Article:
Tablet Note-Taking Fail: The Pen is Still Mightier Than the Stylus

Tablet Fail

Five minutes. That’s all the time it took for me to fling down the HTC Flyer in disgust and pick up my old reliable paper notepad. I had brought this new 7-inch Android tablet with me to Mandarin language class because I hoped it would help me take better notes in addition to syncing the audio of my teacher and classmates with my writing. But the Flyer thwarted me at every turn.

First, as I leaned on the bezel to write I noticed that it was accepting input from my palm instead of the pen as it popped up a virtual keyboard and a context menu while I was just trying to write. I looked down at one point and I was back on a menu page rather than on my note. Worse, when I later tried to play back the audio I had recorded, my teacher sounded like a Dalek drowning in a vat of boiling chocolate while the noise of the pen hitting the screen drowned him out. Unfortunately, the Flyer is just the latest example of note-taking tech gone wrong.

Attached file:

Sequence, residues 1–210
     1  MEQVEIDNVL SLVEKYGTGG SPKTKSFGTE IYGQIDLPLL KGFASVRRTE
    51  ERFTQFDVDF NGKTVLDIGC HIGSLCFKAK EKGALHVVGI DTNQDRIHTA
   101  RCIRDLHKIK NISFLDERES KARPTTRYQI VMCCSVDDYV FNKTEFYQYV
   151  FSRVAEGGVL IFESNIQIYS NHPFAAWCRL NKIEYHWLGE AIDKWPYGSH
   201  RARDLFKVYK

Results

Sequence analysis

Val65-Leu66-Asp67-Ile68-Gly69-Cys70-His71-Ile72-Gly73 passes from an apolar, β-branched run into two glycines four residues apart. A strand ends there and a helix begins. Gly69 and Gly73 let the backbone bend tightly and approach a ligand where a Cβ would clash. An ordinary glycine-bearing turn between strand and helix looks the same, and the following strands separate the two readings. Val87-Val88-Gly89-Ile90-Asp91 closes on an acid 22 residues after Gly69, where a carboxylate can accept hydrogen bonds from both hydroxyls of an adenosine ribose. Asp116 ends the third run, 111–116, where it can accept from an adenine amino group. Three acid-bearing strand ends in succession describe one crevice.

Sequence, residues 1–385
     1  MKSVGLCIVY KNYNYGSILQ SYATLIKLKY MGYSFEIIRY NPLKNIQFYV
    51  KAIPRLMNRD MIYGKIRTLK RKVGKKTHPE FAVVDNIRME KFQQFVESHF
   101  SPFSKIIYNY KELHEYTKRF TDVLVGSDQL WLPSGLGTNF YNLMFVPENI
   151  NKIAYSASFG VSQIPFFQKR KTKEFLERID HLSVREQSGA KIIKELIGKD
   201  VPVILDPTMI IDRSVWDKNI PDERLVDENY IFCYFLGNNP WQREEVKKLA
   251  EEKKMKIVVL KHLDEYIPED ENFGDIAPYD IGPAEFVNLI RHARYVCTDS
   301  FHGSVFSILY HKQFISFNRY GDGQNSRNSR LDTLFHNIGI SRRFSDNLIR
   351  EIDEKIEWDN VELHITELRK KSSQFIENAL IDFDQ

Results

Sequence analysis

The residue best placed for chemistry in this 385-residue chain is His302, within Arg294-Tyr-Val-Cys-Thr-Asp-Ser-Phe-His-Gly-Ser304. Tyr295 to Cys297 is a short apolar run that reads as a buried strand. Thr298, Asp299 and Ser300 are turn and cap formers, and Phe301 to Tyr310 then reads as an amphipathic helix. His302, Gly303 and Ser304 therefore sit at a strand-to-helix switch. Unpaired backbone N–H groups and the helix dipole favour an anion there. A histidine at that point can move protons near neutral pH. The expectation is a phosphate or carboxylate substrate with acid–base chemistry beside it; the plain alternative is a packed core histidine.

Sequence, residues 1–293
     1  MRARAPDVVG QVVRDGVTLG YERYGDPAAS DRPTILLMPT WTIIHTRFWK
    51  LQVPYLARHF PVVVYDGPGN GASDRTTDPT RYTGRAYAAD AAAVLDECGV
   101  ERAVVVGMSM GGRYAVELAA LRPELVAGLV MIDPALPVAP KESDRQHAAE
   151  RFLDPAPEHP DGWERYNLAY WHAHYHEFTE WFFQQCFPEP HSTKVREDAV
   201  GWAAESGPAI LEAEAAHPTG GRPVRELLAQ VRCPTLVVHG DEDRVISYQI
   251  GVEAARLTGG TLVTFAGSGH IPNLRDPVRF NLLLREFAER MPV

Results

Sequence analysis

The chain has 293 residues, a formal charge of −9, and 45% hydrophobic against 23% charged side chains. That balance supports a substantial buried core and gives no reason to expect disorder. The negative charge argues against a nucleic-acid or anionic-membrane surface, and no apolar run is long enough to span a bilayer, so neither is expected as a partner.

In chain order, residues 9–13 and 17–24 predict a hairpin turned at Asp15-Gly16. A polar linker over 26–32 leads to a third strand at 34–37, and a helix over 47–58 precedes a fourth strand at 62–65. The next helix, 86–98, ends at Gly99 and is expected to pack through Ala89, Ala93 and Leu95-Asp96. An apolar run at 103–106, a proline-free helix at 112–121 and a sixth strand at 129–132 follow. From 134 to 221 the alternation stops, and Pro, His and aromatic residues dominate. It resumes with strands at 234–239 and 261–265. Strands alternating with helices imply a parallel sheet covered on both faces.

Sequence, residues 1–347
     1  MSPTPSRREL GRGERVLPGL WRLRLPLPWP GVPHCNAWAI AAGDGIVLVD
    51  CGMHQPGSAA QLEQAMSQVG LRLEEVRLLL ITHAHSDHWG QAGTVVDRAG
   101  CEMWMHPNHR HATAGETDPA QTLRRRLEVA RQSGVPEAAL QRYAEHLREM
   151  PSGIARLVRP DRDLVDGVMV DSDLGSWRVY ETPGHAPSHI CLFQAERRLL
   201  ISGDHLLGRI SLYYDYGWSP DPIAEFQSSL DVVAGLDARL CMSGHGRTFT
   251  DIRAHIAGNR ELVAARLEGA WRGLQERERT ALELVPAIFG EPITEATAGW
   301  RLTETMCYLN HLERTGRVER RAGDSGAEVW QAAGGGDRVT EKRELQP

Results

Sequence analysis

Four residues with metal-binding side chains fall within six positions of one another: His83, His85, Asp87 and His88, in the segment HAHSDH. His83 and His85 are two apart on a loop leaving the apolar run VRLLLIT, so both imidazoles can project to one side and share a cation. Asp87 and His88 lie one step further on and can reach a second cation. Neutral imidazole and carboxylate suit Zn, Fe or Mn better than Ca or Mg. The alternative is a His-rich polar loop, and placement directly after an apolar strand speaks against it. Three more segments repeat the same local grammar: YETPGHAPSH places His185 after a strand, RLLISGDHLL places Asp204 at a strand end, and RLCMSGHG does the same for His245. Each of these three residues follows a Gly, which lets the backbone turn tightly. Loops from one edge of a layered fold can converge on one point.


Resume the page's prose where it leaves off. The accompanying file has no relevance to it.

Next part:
The digital pen ought to be mightier than the finger, the keyboard, or the bic, but the reality doesn’t live up to the hype. In December, I was similarly disappointed with ASUS’s Eee Note tablet because of its poor audio recording and lack of basic features such as OCR (which the Flyer doesn’t have either).

Pen-based tablets that focus on note-taking should be the next big thing. Everyone from students to office workers to factory workers needs to take notes on a daily basis. Paper is inherently bad—it’s easy to lose, has no multimedia component, and isn’t searchable. The Livescribe Echo Pen is a device that records audio and your strokes while you write on paper, but it still uses paper. Keyboard input limits the user to set lines and spacing that doesn’t mimic the way students take notes or teachers draw on whiteboards. And capacitive finger input is just too imprecise, as are capacitive pens that simply mimic a finger’s capacitive charge.